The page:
Social Security Disability Fraud Investigations

The Social Security Administration uses Cooperative Disability Investigation (“CDI) Units to investigate potential fraud.  The CDI units work with the Office of Inspector General (OIG) as well as state and local law enforcement agencies.  Such investigations take place during the entire application process, and also during continuing disability reviews.  Investigations can be generated by state agency employees, SSA employees, private citizens, anonymous sources, and law enforcement agencies.  During the investigation, the CDI Unit can interview the application, interview third parties, conduct surveillance, and/or examine the claimant’s social media accounts.  It appears such investigations are expanding.


Listing 12.05(C)

In Whitehead v. Comm’r of SSA, 2014 U.S.Dist. Lexis 112016, the District Court did a wonderful job of not only explaining Listing 12.05(C), but applying the listing to the facts of the case.   Listing 12.05C requires a valid IQ of 60 through 70 and a physical or mental impairment imposing an additional and significant work related functional limitation.  The Listing further requires intellectual disability manifested before age 22.  In my experience, there is a common misconception that someone who is mildly mentally retarded or intellectually disabled is unable to function in any manner whatsoever.  Thus, if a person with mild mental retardation has worked in the past, decision makers apparently feel it would be inappropriate to find the person disabled.  The truth is that individuals with mild mental retardation are usually able to live in the community, often independently (DSM, 4th).   Thus, it is improper to deny a claim that meets Listing 12.05 simply because the claimant has worked unskilled jobs in the past, or is able to watch television, drive, or take a bath.  “Individuals performing in the mild mental retardation range are capable of performing such activities.”  Whitehead, p. 14.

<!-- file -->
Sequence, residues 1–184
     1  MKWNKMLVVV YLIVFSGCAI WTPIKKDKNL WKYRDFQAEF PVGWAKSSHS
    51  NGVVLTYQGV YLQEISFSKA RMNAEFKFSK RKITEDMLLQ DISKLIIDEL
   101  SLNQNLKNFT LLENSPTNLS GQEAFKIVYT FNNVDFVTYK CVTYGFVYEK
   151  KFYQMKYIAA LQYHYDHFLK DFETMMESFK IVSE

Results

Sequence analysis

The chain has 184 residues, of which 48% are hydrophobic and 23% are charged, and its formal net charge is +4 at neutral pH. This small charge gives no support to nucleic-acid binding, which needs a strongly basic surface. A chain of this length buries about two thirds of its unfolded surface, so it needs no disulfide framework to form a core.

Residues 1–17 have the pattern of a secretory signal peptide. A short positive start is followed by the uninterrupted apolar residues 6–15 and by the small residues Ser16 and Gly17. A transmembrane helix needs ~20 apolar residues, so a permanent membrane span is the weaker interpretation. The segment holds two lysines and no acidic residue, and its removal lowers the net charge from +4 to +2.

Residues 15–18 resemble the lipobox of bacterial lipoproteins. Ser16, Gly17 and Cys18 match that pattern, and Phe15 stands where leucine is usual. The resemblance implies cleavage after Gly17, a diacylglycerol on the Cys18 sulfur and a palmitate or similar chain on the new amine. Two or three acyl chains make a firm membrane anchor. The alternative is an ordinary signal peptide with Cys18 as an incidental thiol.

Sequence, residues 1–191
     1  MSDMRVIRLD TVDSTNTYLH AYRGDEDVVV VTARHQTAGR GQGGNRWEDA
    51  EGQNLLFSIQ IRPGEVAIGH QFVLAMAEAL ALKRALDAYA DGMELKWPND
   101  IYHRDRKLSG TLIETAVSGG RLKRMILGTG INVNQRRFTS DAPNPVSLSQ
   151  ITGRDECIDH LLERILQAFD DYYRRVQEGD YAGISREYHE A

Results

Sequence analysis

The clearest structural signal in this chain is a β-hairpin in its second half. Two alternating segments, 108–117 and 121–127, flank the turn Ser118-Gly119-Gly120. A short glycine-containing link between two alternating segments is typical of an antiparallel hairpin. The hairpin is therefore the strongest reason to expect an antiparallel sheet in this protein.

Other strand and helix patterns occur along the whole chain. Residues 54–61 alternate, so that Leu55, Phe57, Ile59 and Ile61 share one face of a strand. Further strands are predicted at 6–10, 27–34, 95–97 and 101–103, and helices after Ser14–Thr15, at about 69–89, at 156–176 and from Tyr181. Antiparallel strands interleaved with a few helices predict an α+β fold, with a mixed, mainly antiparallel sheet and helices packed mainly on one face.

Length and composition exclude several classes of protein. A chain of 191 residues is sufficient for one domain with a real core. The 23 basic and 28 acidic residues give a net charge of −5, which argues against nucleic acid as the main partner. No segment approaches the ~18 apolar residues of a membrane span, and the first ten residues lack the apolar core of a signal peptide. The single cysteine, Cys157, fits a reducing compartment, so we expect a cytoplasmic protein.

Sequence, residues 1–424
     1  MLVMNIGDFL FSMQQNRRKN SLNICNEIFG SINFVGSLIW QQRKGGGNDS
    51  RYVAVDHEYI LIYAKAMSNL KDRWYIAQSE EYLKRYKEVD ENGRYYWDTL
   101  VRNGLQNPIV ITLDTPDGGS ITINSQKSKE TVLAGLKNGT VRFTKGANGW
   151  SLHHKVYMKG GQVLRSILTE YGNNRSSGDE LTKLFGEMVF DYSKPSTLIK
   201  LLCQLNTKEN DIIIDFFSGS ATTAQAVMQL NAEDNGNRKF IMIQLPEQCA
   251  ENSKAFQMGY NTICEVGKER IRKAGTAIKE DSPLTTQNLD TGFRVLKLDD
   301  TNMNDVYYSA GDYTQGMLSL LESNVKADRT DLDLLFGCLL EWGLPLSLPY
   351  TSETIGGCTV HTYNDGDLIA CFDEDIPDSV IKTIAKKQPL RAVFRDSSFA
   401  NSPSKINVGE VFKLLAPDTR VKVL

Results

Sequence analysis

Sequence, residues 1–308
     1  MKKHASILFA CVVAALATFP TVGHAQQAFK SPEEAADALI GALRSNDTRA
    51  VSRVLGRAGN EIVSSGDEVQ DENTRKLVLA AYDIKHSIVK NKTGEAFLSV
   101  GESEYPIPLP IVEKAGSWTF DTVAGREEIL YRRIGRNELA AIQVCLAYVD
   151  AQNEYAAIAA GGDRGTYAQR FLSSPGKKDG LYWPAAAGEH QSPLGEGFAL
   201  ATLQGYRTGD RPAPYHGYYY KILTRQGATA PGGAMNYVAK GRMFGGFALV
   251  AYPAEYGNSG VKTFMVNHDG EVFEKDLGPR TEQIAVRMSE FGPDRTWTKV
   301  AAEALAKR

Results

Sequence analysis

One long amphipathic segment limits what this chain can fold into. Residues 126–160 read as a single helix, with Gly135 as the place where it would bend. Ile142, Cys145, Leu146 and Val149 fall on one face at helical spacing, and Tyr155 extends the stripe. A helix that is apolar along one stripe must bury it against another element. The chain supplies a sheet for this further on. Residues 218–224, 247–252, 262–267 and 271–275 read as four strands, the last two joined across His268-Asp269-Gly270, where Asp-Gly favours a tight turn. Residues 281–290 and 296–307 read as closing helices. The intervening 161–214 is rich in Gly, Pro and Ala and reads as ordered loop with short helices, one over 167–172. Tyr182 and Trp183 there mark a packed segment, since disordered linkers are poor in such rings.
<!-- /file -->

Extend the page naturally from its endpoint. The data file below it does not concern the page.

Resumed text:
2013 Appeals Council Statistics

In fiscal year 2013, the Appeals Council took approximately one year to process requests for review. Almost 77% of the requests were denied by the Appeals Council.  In other words, the Appeals Council refused to review almost 80% of the requests filed. Approximately 17% of the requests resulted in a remand. About 1% of the requests for review by the Appeals Council resulted in a favorable decision.

If the claimant is denied, the decision on whether to re-file for benefits or appeal the decision to the Appeals Council is very difficult.  If you decide to appeal to the appeals council, it will probably take at least a year to get a decision, and about 80% of those requests will not even be reviewed.  If you decide to appeal your claim to the Appeals Council, make sure your attorney or representative is able and willing to consider taking the case to Federal Court.


In Social Security disability cases, credibility is a major driving force in determining the outcome of a claim.  Thus, the claimant’s testimony is extremely important.  During the hearing, a claimant will testify about his or her symptoms.  Symptoms are evaluated as follows:  (1) the medical evidence must demonstrate the existence of a medically determinable impairment “which could reasonably be expected to produce the pain or other symptoms alleged; (2) the symptoms are evluated in conjunction with the evidence to determine the extent to which they limit the claimant’s ability to work.   In examining the non-medical evidence, the law requires the consideration of the following:   (1) daily activities; (2) location, duration, frequency, and intensity of pain or other symptoms; (3) factors that precipitate and aggravate the symptoms; (4) type, dosage, effectiveness, and side effects of medication taken to alleviate pain or other symptoms; (5) other treatment used to relieve pain or other symptoms; (6) other measures used to relieve pain or other symptoms; and (7) other factors concerning the individual’s functional limitations and restriction due to pain or other symptoms. 20 CFR 404.1529(c)(3), 416.929(c)(3); SSR 96-7p.

Once a case reaches federal court, the credibility finding of the ALJ is entitled to a certain degree of deference, and courts often do not “second guess” such determinations.  Nevertheless, the credibility determination must be  based upon the evidence.  SSR 96-7p.  Often, inconsistencies in testimony or medical evidence are used as a basis to discount credibility.  In such a situation, because symptoms “may vary in their intensity, persistence, functional effects, and may worsen or improve over time,” the decision maker should strive to explain such inconsistencies.  SSR 96-7p.

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Social Security Disability: Attorney Fees in Federal Court

In Pittman v. Colvin, 2013 U.S. Dist. Lexis 79854 (M.D.Tenn. June 5, 2013), the plaintiff obtained a remand at federal court. On remand, the ALJ awarded benefits.  The Plaintiff’s attorney then filed a Motion for Attorney fees in the District Court ,seeking an award of approximately $13,500, which was 25% of the past due benefits. The Court awarded the fees requested, noting that despite the high hourly rate, the amount was reasonable.  The prior award of EAJA fees was ordered to be refunded to the Plaintiff by the attorney.